Hepatocellular carcinoma is a malignant cancer of hepatocytes. It is usually uni- or paucifocal (vs metastatic liver cancer which is usually mutifocal). On histology, malignant features will be evident such as irregular nuclear membranes, atypical nucleus/cytoplasm ratio, chromatin changes and areas of necrosis.
Cirrhosis of the liver is often a precursor of hepatocellular carcinoma. It is a chronic disease of the liver that is associated with the destruction of the lobular and vascular architecture due to inflammatory fibrosis. Functionally, liver cirrhosis is characterized by liver insufficiency and portal hypertension with reduced blood flow to the liver. Intrahepatic portosystemic shunts are formed in progression of the disease.
Chronic hepatitis B causes a high risk of HCC even without prior progression into liver cirrhosis. Higher viral loads convey a higher risk. Chronic hepatitis due to Hepatitis C leads to progressive destruction of the liver if the course is unfavorable. One fifth of patients will develop cirrhosis of the liver within 20 years. In Europe, more than half of all hepatocellular carcinomas are due to HCV infection.
Aflatoxins are poisons produced by the Aspergillus flavus mold and are highly carcinogenic. Aspergillus flavus mostly colonizes foods such as nuts or grains. Aflatoxins produced from this mold are a significant risk factor for HCC.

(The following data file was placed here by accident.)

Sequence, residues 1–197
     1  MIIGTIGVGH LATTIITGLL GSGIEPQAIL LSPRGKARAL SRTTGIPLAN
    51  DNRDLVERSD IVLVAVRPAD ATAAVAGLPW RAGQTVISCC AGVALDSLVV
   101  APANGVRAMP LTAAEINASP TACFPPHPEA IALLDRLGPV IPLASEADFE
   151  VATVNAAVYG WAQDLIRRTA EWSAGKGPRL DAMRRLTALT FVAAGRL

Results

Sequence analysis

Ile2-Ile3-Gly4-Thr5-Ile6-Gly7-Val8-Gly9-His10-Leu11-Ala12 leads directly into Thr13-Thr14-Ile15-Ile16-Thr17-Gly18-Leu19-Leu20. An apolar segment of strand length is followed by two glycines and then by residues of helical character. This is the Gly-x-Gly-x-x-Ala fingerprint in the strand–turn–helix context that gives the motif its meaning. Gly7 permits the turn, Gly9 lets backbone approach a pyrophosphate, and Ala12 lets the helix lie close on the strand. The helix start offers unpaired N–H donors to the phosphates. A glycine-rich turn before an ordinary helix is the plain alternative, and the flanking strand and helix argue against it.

Alcoholic Liver Disease (ALD) is the result of alcohol overconsumption and includes fatty liver, alcoholic hepatitis, and chronic hepatitis with liver fibrosis or cirrhosis. It is the major cause of liver disease in Western countries. Nonalcoholic liver disease is defined as excessive fat build-up in the liver without any clear cause such as alcohol use. In industrialized nations, a higher incidence of non-alcoholic fatty liver disease (associated with type II diabetes mellitus and obesity), is associated with a higher incidence of HCC.
Clinical findings of cirrhosis are usually seen in HCC. These include fatigue, palmar erythema, and caput medusae.
In early stages of the disease, HCC is often asymptomatic or mildly symptomatic with features of cirrhosis. In advanced stages unspecific complaints such as upper abdominal complaints (e.g. feeling of pressure in the upper abdomen due to liver capsule expansion), weight loss and loss of appetite can occur.
Yellowing of the skin, mucous membranes and internal organs due to hyperbilirubinemia can be seen. This manifests itself particularly early in the yellowing of the dermis (sclera) of the eyes. The yellow color is caused by the leakage of the bile pigment bilirubin from the blood into the various body tissues.
A pathological accumulation of free fluid in the peritoneal cavity, particularly an increasing rate of accumulation, is associated with the development of HCC. An enlarged waist, weight gain, flatulence, bulging abdomen and possibly an umbilical hernia can be seen.
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